The effectiveness of clubbing besides academics

Rubaiya Hassin Farheen

On the 6th and 7th November 2020, Midas Finance Ltd. presents Campus Club Summit 2020  in association with The Daily Star, which was organized by Excellence Bangladesh. A session was held on the effectiveness of club activities, moderated by Mr. Rafeed Elahi Chowdhury, the Co-Founder at Torun.

The panel members were the heart of the session which comprised of: 

• Mr. Rashedur Rahman, Executive Director- Innovation, Creativity and  Entrepreneurship, (ICE) Center, University of Dhaka 

• Mr. Shibli Shahriar, Qualified and Certified Mentor, Faculty of Business and  Entrepreneurship, Daffodil International University 

• Mr. Arif Zaman, Dean, School of Business, Canadian University of Bangladesh 

The session opened up with Mr. Rafeed’s warm introduction of the respected panel members. Before long Mr. Rashed’s quick overview of the current situation of the availability of co-curricular activities such as clubbing in Bangladesh and his remarkable viewpoints on its growing acceptance appeared noteworthy. Being a teacher at DU from 2000, from his 20  years of experience in club management besides teaching, he feels that the desired growth in enthusiasm in various institutional authorities and youths is striving to create opportunities for balancing academics and co-curricular equivalently is bringing about noticeable changes. Soon, Mr. Shibli took over the floor, starting off with elucidating remarkable comparisons in the acceptance of co-curricular especially in the case of private universities in different segments throughout the passage of time. He appreciated the fact that institutional authorities nowadays do realize the heavy significance of clubbing in developing the ‘4Cs’  (i.e. Collaboration skills, Creativity, Critical thinking, and communication skills) plus growth in an in-depth understanding of financial literature, futuristic skills, leadership as well as soft  skills in shaping up employability. In no time, after the floor was passed onto Mr. Arif, he brought to light the unfortunate situation in Bangladesh where 90% (approx.) of  Bangladeshis (according to his empirical evidence) addresses co-curricular activities as extracurricular activities and undervalue their significance. Hence, he strongly believes that various measures to raise awareness regarding this issue must be implemented concurrently pursuing an increased rate in co-curricular practices.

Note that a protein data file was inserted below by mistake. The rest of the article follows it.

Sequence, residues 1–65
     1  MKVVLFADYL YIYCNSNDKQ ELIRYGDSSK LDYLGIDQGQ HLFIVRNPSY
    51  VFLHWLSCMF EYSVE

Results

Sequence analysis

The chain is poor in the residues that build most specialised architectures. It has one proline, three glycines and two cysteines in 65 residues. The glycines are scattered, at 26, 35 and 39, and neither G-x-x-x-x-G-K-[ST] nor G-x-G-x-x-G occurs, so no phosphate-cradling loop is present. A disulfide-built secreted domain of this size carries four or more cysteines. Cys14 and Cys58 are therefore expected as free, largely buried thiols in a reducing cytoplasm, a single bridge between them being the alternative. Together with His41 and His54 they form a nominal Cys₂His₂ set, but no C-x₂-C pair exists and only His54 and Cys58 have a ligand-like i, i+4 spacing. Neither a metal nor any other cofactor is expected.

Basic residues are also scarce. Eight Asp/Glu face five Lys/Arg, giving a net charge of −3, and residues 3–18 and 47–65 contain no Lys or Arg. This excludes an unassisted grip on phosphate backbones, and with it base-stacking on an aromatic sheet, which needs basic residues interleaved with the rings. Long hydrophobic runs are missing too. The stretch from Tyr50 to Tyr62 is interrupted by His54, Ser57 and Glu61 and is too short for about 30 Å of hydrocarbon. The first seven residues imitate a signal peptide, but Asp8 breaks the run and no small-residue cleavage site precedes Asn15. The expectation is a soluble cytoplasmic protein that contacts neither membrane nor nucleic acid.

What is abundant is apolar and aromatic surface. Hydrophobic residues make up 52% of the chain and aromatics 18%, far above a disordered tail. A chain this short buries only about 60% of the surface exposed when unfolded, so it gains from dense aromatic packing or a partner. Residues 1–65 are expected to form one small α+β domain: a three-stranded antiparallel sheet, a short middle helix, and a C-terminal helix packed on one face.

Shortly, the focus shifted towards Cumulative Grade Point Average (CGPA) versus clubbing where Mr. Shibli added that CGPA and clubbing cannot be practically balanced equally and,  therefore, trade-offs are required. According to him, UK -based research proved that people only comprised of very high CGPA reach the zenith of success in professional stages once in a blue moon. Furthermore, he positioned that CGPA is a passport to professional stages where co-curricular involving high negotiation, leadership, and networking skills shape them towards success in those stages. Before long Mr. Rashed defied, reasoning his stance that the significance of CGPA is way beyond just an entrance to employability via its extension by teaching disciplinary virtues and time-management in primary stages. In addition, he referred to a book, ‘Ikigai’ which, he supposes, defines the purpose of life quite smoothly. He continued that CGPA identifies the knowledge which is the first pillar to success, followed by skills, experience, and networking. Finally, he suggested that one should always seek self-complacence in life and set priorities based on that. The session was wrapped up with Mr. Arif recommending to set up a priority model to focus on in various segments of life where a student’s primary focus should be on CGPA, followed by diversification to different branches such as clubbing to gradually starting off with prioritizing because, he added, in the end, life is all about prioritizing.

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